During my teaching career, kids have flicked M&Ms at my head. A peeved teen once got up from her chair and launched it, with some gusto, in my direction. I wore a pair of ill-fitting trousers and students shouted ‘camel-toe’ at me up and down the corridor. Never though, have I been so relieved to see Friday arrive. Several times this week, I have had to take myself out into the garden and utter obscenities, to quell the urge to eject a Small Child through a window. ‘I see your Tourette’s is back,’ muttered LSB darkly, hearing me drop the c-bomb while hanging out the towels.
It can be trying enough, the whole ‘home-schooling’ lark. More trying still, when you have all the technical know-how of a seventeenth-century peasant with eye-trouble. Things didn’t work this week. When they did work, I managed to delete the bastard things before I sent them. Everything that COULD run out of charge, ran out of charge. ‘I WOULD do the work Mummy, but my tablet’s at 7%.’ I heard that a lot. The Small Child’s newest infuriating habit is running off when I’m trying to explain things to her. She’s a stealthy wee article, and I was halfway through explaining plurals ending in ‘x’ and ‘ey’ before I realised she’d taken herself off.
The main lesson my progeny will have to take from this, is not to repeat the foul language to which they’ve been subjected. ‘Where’s she fucked off to now?’ I spluttered in disbelief, coming downstairs from the printer with a sheet for The Small One to do. ‘Outside,’ said the Older one, not even looking perturbed by and getting on with her adding-up. The Small Child waved with glee from the top of the slide. I sighed.
They have expressed great reluctance to complete the work sent by their lovely and diligent teachers. I’ve had to prise the Nintendo Switch from the Older Child’s hands and at one point I put it in the bin, only for it to be fished out later by her sobbing sister. ‘But Daddy plays it too,’ she wailed.’ ‘Daddy can just eff off,’ I fumed, since it was Daddy who brought the blasted thing into the house at Christmas.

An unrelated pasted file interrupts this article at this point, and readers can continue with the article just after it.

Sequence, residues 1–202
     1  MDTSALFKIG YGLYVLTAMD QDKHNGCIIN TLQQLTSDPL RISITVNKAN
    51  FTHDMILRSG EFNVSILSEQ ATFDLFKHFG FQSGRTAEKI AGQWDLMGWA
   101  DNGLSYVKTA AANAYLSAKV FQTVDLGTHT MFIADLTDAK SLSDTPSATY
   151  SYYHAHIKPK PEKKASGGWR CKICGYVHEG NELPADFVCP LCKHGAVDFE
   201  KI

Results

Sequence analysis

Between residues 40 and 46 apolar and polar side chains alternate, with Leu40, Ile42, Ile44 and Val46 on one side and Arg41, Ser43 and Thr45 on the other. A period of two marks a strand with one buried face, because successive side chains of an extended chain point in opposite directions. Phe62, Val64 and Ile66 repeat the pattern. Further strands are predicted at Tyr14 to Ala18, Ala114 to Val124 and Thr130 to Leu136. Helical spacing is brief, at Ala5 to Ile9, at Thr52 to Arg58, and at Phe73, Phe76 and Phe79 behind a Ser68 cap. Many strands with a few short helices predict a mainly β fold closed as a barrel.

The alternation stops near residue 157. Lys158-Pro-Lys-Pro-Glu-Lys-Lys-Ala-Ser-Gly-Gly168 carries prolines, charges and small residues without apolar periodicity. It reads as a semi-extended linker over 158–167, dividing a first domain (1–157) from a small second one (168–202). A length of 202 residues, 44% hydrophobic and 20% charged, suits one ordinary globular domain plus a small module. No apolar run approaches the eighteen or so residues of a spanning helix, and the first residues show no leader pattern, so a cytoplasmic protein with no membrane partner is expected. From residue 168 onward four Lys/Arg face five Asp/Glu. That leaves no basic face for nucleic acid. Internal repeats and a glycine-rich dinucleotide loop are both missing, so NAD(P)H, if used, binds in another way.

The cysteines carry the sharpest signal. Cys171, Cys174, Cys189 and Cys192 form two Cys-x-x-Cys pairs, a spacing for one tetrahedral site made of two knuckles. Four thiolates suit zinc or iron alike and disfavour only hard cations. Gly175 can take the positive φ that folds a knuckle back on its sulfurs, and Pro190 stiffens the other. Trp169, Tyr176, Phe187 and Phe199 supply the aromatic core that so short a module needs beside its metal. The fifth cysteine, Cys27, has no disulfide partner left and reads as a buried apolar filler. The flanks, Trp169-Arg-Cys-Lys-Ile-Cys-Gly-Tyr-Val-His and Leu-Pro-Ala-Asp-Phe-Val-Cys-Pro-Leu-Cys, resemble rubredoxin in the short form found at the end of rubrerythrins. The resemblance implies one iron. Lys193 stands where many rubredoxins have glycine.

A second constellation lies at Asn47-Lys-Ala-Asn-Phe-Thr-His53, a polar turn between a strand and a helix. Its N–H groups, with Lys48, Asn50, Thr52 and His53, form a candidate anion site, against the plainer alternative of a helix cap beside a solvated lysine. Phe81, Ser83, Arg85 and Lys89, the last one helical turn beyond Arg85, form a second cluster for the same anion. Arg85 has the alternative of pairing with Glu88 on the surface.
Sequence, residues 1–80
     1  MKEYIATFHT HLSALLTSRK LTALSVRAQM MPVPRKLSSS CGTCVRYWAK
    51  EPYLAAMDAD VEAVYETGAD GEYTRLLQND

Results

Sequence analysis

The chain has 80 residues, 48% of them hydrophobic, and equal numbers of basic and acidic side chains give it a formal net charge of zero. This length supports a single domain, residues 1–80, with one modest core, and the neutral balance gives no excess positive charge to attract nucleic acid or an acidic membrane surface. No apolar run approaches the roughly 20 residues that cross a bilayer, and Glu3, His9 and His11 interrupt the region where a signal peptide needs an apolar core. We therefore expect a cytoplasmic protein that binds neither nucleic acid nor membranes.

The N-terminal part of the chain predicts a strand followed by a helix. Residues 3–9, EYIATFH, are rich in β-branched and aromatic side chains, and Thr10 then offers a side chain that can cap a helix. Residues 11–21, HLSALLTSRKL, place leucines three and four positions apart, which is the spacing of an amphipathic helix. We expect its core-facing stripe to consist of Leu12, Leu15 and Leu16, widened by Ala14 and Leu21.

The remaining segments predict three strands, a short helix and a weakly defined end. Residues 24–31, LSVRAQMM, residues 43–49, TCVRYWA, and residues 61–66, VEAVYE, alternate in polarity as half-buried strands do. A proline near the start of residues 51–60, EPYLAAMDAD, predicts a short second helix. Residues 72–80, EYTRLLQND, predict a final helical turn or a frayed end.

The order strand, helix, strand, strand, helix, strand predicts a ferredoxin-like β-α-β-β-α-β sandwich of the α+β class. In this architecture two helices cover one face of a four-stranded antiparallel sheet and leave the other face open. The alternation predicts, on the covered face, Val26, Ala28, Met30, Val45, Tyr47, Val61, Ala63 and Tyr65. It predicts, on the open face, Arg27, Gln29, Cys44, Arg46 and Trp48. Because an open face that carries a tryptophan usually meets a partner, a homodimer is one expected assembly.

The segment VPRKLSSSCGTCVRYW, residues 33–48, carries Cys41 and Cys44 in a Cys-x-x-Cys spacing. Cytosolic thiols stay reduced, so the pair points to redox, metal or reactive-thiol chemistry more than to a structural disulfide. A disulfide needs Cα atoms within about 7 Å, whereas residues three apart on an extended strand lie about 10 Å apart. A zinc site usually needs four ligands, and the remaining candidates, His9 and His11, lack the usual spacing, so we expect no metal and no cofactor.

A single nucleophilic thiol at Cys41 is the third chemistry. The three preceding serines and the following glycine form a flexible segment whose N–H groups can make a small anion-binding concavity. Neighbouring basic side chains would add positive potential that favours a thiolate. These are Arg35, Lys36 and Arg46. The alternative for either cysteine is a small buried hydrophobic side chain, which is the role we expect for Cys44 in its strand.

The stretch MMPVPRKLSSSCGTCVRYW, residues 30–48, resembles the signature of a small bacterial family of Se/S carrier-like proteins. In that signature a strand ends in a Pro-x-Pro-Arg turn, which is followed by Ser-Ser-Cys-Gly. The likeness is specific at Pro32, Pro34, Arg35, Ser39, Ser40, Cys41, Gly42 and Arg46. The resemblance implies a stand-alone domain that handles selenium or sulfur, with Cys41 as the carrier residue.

‘The thing is,’ opined the Small Child, ‘that Miss X is very clear when she explains things and you’re not clear. AT ALL.’
‘No, she’s not, is she?’ agreed her sister.
To be fair to them, though, it isn’t all their fault. I should be organised. I should source rubbers and pencils and rulers, and have them at our disposal. I ought to acquaint myself with the see-saw exercises, before I have a small, impatient child standing beside me who just wants to play ‘Harry Potter’ with her sister: ‘Here’s comes Hedwig Harry!’ (cue a small stuffed owl flying past my shoulder.) See-saw isn’t the most straightforward of apps to navigate, and is less so when your new dog is pestering you for a piece of scone and you want to get a load of laundry done because the sun has the audacity to still be out after 17 days.
I just have to accept that at 7 and 8 years of age they need me to sit with them and not be checking my phone or doing dishes while they work. They need me to be present, which is hard, what with my head being more pickled than a jar of kimchi. But to prevent meltdowns and ensure they get actually learn something, I have learnt to sit. We ask Alexa to time 25 minutes and I have a pile of pencils which I can sharpen and papers to sort while I wait for them to finish. I find these repetitive tasks soothing. Socks have been paired. Elderly felt tips have been consigned to the bin and I did some colouring in and drew little birds inspired by a marvellous book, ‘Jip and Janneka’.
Sometimes, they take a sheet up to LSB’s study and do a few sums while he works aways beside them. Often the dog wanders in too, and his work colleagues on Zoom have a bit of a chuckle. Maybe I just need to calm the fuck down. One day, I heard Adam Kay in an interview with Claudia Hammond on Radio 4, saying he never gets stressed about work anymore. Since giving up obstetrics and knowing that no one’s going to die on his watch, he’s decided to give less of a shit. I listened, nodding along sagely. ‘How wise,’ I thought, ‘what a sensible philosophy to adopt.’ Did I take it on board? Did I heck. I can’t even get through a morning without wanting to ingest Domestos, (although perhaps that’s a cure according to the news this morning.)
So next week, I’m doing it differently. I’m printing stuff out the night before. I’m making a plan and I’m putting rules in place, such as they must not run away when I’m teaching and be stompy, humpy little shits. They must not use their pogo sticks inside because it makes my head want to explode. They will learn something though, it’s one of the strangest times to be alive, but I’m happy that they’ve adapted to the new normal well ahead of me.